While I’ve always been a fan of Indian cuisine it wasn’t until recently that I’ve started cooking Indian food at home. One word: delicious. One more word: spicy. Everyone in Samir’s family has to accomodate my weakling tastebuds. At dinners and holiday gatherings I try to surreptitiously load up on rice to sooth my scorched tongue. “Jen, we made this for you. It isn’t very spicy. Do you like it?” Although my awesome family always makes the most delectable food, “isn’t very spicy” in Indian terms sometimes translates into NEED MORE WATER by white girl standards. I will say, however, that after being with Samir for nearly three years now I have definitely upped my spice intake and my tolerance is far greater than it was when we first met. Even my cooking has some noticeable heat now. Garlic and ginger are staples in nearly every Indian dish but it can become quite tedious to always have to peel and chop. I’m all about cutting out prep work so when I saw that my mother in law had premade garlic ginger cubes in her freezer, I asked how to make them. Turns out, it’s totally simple. I’ve also used this same method to make basil/tarragon cubes with fresh herbs from my garden. These types of cubes are wonderful for cooking standard dishes like dal, but are also great to throw in with scrambled eggs (especially the herb cubes) or a soup. Instant flavor, no chopping required. Adrak (ginger) and lasan (garlic) paste can also be kept in an air tight jar in the fridge for about a month or so. Spoon out as needed
what you need:
- equal parts of garlic and ginger
- pepper(s) of your choice
- olive oil
- a high speed blender
- empty ice cub trays
Put an equal ratio of peeled garlic gloves to peeled, chopped ginger chunks into a high speed blender. Add a jalepeno or serano for spice. You can add only half of a pepper if you are making a smaller batch or do not have a high spice tolerance. If you like spice, just throw the whole pepper in without deseeding. Add about 1tsp. of salt, about 1 tbl. of olive oil (adjust for larger batches) and half approximately 1 cup of purified water to be used as needed for blending.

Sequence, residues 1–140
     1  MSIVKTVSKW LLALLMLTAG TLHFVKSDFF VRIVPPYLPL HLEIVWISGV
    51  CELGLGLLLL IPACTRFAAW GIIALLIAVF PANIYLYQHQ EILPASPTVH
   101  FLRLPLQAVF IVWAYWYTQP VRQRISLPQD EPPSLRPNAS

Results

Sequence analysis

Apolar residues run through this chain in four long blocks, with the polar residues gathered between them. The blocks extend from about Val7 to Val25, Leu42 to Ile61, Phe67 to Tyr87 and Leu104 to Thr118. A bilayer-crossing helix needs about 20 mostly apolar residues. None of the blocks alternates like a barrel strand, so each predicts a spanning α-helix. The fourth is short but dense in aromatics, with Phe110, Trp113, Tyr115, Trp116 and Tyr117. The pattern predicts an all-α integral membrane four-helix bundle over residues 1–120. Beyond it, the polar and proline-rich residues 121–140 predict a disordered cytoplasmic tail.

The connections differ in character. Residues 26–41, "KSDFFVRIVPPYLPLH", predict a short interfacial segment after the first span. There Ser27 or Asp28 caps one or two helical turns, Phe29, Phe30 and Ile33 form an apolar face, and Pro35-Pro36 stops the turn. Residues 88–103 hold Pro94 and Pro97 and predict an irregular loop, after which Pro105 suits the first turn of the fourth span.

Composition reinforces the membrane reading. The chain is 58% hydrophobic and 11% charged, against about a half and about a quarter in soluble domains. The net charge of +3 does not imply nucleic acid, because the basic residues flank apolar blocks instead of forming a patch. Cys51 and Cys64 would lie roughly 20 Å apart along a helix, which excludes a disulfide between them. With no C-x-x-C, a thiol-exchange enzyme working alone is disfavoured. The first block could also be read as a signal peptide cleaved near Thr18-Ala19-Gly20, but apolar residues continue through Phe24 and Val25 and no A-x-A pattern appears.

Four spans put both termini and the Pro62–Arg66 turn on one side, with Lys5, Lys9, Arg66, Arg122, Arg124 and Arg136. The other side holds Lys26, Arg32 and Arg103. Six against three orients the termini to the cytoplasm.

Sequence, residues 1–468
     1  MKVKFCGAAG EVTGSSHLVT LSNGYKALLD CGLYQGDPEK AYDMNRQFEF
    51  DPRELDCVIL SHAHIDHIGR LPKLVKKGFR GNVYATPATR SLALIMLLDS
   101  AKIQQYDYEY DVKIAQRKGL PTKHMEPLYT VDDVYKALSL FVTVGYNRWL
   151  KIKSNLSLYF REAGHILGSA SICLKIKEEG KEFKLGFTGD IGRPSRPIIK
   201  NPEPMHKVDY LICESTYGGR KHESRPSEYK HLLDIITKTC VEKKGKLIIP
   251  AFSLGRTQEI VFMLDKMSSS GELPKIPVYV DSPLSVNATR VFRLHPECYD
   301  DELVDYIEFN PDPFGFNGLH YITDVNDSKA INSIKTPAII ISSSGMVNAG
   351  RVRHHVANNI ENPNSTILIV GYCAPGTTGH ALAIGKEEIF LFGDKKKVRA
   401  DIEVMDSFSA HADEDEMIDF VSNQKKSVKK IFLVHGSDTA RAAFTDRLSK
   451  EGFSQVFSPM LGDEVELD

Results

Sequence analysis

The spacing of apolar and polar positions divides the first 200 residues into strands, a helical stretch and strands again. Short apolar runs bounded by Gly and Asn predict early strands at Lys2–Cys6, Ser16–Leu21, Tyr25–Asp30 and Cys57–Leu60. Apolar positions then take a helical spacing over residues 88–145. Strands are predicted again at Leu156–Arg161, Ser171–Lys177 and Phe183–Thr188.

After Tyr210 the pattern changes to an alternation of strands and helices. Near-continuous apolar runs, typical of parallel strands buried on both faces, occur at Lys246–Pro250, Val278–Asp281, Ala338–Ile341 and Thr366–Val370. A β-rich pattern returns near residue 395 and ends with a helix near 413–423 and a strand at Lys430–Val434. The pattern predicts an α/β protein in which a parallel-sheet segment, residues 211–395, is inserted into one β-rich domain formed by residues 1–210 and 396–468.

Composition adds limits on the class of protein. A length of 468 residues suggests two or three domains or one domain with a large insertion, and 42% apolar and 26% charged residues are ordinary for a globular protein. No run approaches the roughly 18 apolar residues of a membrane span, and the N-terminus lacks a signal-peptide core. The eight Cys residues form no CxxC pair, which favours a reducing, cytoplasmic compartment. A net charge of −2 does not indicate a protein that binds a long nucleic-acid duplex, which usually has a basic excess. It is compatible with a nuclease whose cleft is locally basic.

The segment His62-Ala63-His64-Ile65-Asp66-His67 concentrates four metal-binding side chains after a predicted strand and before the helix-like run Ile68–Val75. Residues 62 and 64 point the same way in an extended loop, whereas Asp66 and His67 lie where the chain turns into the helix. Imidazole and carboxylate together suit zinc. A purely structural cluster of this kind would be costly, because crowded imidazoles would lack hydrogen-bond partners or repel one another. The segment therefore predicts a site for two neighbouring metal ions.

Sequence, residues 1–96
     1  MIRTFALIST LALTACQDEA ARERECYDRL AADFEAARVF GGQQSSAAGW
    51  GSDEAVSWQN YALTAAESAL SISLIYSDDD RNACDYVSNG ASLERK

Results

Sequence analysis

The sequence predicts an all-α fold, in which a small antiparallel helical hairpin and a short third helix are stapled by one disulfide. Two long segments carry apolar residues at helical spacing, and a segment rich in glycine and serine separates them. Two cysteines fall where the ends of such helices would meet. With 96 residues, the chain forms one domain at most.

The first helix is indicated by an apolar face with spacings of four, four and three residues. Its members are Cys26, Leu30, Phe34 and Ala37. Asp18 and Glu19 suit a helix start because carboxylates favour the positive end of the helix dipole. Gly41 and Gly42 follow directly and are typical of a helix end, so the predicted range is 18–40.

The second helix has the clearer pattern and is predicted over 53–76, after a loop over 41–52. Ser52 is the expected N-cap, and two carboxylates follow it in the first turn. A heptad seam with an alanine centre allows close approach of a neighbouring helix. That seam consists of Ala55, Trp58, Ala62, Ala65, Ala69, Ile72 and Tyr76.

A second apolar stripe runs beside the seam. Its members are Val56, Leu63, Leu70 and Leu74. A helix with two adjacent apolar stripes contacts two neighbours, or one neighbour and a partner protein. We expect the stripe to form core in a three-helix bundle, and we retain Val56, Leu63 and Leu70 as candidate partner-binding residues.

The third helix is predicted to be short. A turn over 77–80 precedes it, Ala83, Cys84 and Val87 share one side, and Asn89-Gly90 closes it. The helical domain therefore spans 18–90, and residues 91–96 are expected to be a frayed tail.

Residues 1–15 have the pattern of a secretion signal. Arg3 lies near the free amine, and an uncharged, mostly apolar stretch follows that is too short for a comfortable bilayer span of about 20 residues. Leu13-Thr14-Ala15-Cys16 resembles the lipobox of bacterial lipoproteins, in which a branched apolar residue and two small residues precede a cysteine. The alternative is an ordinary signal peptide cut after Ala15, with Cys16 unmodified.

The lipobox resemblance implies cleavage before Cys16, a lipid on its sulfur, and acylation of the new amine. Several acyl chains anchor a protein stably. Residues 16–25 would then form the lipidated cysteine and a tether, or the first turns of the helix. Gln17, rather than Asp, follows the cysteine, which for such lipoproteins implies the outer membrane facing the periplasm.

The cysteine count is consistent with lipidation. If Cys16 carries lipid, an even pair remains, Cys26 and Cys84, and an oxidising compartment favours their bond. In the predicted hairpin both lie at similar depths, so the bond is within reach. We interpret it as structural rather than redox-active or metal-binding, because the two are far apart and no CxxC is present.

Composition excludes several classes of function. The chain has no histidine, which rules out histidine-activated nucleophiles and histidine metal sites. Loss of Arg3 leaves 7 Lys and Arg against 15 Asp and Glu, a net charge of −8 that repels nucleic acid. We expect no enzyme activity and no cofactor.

Turn blender on low, gradually increasing speed until everything is mashed together in a smooth consistency. You may need to add more water if the paste is too thick and is not blending well as a result. You can see how much water I added in the photo below, I only needed to add about another tablespoon.
This is the right consistency for your paste. You can use it just like this stored in an airtight container in the fridge if you don’t want to freeze into cubes. If you want to freeze, just spoon the mixture into clean, empty ice cube trays. Once frozen, pop them out and store in a ziploc baggy. When you are ready to cook just grab a cube from the freezer, and let it dissolve over the stove with a little oil. Super easy.
I ended up with garlic ginger hearts because my mum got me heart shaped Ikea ice trays! I’d say each cube is about 1 tablespoon yield and I had 29 cubes. Happy cooking.